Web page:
Compare that to the $250 million that Amazon invested into the first three seasons.
Information is best digested by the masses when they have a good time learning it, which might be why the Guinness Book of World Records awarded Top Gear as the world's most widely watched factual television program in 2013. Though Jeremy Clarkson, Richard Hammond, and James May have morphed into more of entertainers by now, they are still automotive journalists at heart and journalism is not a field to get into when looking to make fistfuls of cash. According to AOL UK, that's not exactly the case for these three.
It seems that the journalists/entertainers, have managed to rial up the same chemistry that made the BBC's Top Gear such a smashing success for Amazon's cameras and attract a hefty audience. By the end of the first season, Amazon managed to pull in £8 million ($11 million) in pretax profit. Once the government got its fair share of the deal, the company took home $8.75 million in profits. One the one hand, that may not sound like a justifiable amount after hearing how much money Amazon invested in the show-take the $250 million invested into the three year contract for 36 episodes as an example or even the grandiose opening scene of the first episode that cost the network $3 million.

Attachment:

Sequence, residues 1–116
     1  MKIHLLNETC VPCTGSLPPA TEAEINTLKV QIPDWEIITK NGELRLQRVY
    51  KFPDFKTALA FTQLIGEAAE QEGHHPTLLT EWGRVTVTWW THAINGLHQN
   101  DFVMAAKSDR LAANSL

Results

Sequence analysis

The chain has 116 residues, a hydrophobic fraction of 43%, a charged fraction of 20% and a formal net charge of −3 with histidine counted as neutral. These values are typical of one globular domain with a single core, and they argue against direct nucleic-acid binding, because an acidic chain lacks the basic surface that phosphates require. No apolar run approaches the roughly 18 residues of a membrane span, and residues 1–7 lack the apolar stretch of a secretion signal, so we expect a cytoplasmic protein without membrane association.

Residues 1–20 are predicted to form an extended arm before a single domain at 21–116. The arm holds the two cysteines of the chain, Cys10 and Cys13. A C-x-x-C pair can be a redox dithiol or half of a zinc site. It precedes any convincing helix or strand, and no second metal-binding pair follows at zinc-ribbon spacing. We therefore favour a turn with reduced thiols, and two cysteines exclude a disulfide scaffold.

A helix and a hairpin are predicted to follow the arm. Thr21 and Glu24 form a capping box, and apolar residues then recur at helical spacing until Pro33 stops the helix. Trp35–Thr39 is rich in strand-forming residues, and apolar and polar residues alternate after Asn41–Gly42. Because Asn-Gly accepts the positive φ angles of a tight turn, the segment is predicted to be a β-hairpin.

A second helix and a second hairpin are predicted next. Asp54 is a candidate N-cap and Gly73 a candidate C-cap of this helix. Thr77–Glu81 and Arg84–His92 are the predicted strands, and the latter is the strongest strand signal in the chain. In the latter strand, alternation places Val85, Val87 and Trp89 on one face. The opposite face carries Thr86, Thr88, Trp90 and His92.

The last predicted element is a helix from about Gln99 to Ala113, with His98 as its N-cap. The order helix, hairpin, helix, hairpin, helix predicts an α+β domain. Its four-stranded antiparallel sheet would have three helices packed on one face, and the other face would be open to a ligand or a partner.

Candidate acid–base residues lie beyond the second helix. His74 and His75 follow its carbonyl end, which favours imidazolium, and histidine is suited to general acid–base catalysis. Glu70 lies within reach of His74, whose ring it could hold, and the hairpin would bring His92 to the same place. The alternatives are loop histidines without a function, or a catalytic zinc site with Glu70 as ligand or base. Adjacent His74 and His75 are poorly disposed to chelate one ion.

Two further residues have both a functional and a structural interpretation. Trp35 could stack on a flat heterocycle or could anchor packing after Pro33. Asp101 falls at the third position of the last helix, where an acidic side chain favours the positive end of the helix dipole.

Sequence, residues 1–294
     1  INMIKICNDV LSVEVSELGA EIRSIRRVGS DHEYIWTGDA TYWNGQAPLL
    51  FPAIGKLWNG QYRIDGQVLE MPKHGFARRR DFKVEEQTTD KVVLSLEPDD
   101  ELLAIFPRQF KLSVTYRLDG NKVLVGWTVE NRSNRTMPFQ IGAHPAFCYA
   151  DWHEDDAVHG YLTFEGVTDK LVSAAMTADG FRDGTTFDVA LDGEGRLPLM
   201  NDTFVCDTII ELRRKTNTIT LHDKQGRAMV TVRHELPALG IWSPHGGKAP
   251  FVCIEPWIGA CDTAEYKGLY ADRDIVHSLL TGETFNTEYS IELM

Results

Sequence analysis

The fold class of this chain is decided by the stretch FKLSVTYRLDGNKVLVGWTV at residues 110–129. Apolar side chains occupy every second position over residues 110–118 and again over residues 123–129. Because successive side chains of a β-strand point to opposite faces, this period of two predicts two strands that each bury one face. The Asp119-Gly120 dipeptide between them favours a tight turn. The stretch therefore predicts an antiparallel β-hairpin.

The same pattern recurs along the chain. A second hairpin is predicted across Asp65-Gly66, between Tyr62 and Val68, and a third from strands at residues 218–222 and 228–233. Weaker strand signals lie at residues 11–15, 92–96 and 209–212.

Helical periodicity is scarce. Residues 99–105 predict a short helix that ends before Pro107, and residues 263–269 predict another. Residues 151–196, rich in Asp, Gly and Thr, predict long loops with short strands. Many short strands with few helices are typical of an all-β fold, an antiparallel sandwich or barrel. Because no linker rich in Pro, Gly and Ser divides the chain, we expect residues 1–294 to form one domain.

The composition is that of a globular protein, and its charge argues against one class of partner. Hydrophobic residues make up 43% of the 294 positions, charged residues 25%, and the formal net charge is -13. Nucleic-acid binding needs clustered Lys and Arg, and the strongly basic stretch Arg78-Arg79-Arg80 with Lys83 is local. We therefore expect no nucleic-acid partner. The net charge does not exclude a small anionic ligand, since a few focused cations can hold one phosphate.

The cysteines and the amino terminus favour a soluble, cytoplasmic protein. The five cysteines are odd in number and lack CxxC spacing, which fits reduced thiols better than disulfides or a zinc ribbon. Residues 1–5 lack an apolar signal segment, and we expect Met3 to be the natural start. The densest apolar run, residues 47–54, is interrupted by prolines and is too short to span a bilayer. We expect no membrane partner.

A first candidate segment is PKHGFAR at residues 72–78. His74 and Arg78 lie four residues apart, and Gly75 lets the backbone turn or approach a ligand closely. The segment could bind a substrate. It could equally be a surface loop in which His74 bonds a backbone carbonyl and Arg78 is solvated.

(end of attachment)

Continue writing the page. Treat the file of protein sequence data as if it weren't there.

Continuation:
On the other hand, the fact it turned a profit proof is that the show is still running smoothly despite requiring such a huge undertaking to make. Money and dead celebrities aside, Clarkson had his face rearranged during an accident and Richard Hammond almost gave his life after a fiery crash in order to make the show. To us audience members, the show's success is a good thing because it means business will continue as usual. A spokesperson for W Chump and Sons, the company founded by the old trio and producer Andy Wilman, said, "The directors are keen to continue focusing on producing quality programming whilst ensuring company overheads are kept stable."
So far as we can tell, nothing needs to change now. "The directors are satisfied with the results for the year end and will continue to pursue business opportunities as they arise in the future," they added. Maybe Hammond can play it just a bit more safe for now, yeah?